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Staffordshire Ancient and Sacred Trees Pilgrimage Along the Spine of Albion.

A Fundraising Pilgrimage For Ancient and Sacred Trees

Celebrating AST member Gillian Butlers' tree pilgrimage raising funds for UK tree planting with Ancient and Sacred Trees.

St. Mary’s Church, Handsworth, Birmingham.

This church is in the Birmingham suburb of Handsworth where the Elen earth energy current flows up the chancel.

Trees at St. Mary’s Church, Handsworth, Birmingham.
Trees at St. Mary’s Church, Handsworth, Birmingham. ©G Butler

Walk a Sacred Tree Trail Along The Spine of Albion.
Gillian Butler, an Ancient and Sacred Trees member, is on a pilgrimage to honour our Ancient and Sacred Trees of Britain while raising funds for tree planting. 

Gillian who is a Mentor/Coach, Weleda Wellbeing Advisor, Massage Therapist and Animistic Practitioner has planned her trip inspired by the book The Spine of Albion written by Gary Biltcliff and Caroline Hoare.

She is walking and honouring the trees that grow along and around the ‘Spine of Albion’; an Alignment, or Ley, that runs through the UK from the South Coast of England up to and beyond the Highlands of Scotland.

If you purchase the book direct from here please email the authors Gary & Caroline on the site  to say you heard about it through AST and they will donate £2 for each book sold to AST UK tree planting funds!
“I am passionate about raising awareness of the utmost importance of trees to our very existence here on earth.”


In Lichfield cathedral Nave Altar where Gary Biltcliffe and Caroline Hoare dowsed Elen’s current here. There is an oak tree carving at the Altar.

Lichfield cathedral
Lichfield Cathedral ©G Butler
Lichfield lake and trees
Lichfield ©G Butler

St. Michael and All Angels Church, Colwich.

The Elen energy current again flows through the church

St. Michael and All Angels Church, Colwich.
Trees at St. Michael and All Angels Church, Colwich ©G Butler.

Shugborough Estate, National Trust

Run by the National Trust this great estate has the Elen line running through strange monument upon with a stone carving of a cat keeping watch.

Shugborough monument
Shugborough Monument ©G Butler

From there the current runs across to another monument based on Nicholas Poussin’s painting ‘Arcadian Shepherds’, in the direction of the cats' gaze. The Shepherd’s Monument, has an inscription below the carving and reads O U O S V A V V D.M. Scientists and linguists have yet to decipher its' meaning.

An extraordinary Yew Tree that used to have a tunnel running through it lies to the East of the Shepherds monument. It is in the Tree Register of the British Isles as the tree with the largest spreading crown of any tree in Britain and Ireland. It has a canopy the same size as the auditorium of the Royal Albert Hall. In 2020 fifteen volunteers worked for two days to trim it back to maintain its health.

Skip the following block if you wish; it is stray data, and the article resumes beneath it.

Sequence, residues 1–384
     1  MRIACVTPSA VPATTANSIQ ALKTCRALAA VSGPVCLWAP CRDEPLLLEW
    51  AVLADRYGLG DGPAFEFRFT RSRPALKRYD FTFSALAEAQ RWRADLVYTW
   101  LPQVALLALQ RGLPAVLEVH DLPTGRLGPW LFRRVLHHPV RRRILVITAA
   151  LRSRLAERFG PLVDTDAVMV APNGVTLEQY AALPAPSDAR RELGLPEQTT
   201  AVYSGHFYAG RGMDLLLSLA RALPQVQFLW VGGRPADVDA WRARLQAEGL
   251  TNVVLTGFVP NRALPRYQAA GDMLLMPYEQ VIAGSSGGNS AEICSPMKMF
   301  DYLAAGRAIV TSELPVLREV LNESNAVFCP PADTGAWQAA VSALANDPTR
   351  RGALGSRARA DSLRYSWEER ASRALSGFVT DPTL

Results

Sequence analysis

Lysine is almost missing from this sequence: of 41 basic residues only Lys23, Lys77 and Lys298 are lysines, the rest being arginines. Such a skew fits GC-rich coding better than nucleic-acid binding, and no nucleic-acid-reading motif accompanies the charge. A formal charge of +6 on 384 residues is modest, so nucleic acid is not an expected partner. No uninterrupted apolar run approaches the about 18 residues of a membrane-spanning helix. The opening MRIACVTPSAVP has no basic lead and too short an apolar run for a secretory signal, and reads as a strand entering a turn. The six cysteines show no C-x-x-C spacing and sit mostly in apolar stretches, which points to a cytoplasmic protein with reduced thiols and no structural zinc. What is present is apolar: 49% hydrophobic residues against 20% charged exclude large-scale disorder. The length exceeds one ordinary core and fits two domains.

giant canopied yew
Yew with biggest tree canopy in Britain ©G Butler
Under the yew tree
Inside The Shugborough Yew ©GButler

The Elen earth energy current flows under another monument called ‘the Ruin’ on which is the seated figure of a Druid. From here Elen flows across the river to an island where there are several oak leaf shaped sculptures made from willow.

willow sculpture in the shape of an oak leaf
Oak leaf sculpture at Shugborough ©GButler

The Shugborough estate is full of many fine trees to see throughout.

St Mary's, Checkley

St. Mary’s is one of the finest medieval churches in North Staffordshire. Elen flows under one of the most ancient fonts in Staffordshire, dating from the Saxon period. There are three ancient carved Saxon crosses to the south of the church. The church is clearly on a mound and is also surrounded by a ring of yew trees some of which are clearly very old and it is a site well worth visiting.

The Cloud and the Bridestones at Bosley near Congleton

The Cloud is an ancient holy hill upon the side of which is the Bridestones Neolithic monument. There is a tradition on Good Friday to make a pilgrimage to the top of the hill and throw eggs from the summit. Local people in their many hundreds would go up up with hot cross buns to take in the view and uphold this ancient tradition and a few locals still do. The Cloud is also the site of a double sunset that can be seen from Leek. The hill acts as a focal point for a number of ancient sites which circle it. It is at the summit where the Belinus and Elen earth energy lines cross where once a seventy five foot tall pinnacle of rock stood called Bully Thrumble.

The Bridestones is unique in Britain and the largest chambered tomb of its' kind when built. You can find out more about it here in an article taken from an assignment I wrote for my MA on my Jack In The Green blog.


Amanda Claire

Next Time:

To purchase the book that inspires this pilgrimage buy it direct from authors Gary & Caroline here & please email them on the site to say you heard about it through AST and they will donate £2 for each book sold to AST UK tree planting funds!

Plant a Tree with AST in the UK here with certificates and more

Visit Gillian's blog here for more information on her journey and the earth energy lines

All photos ©Gillian Butler unless otherwise stated

Select Bibliography links


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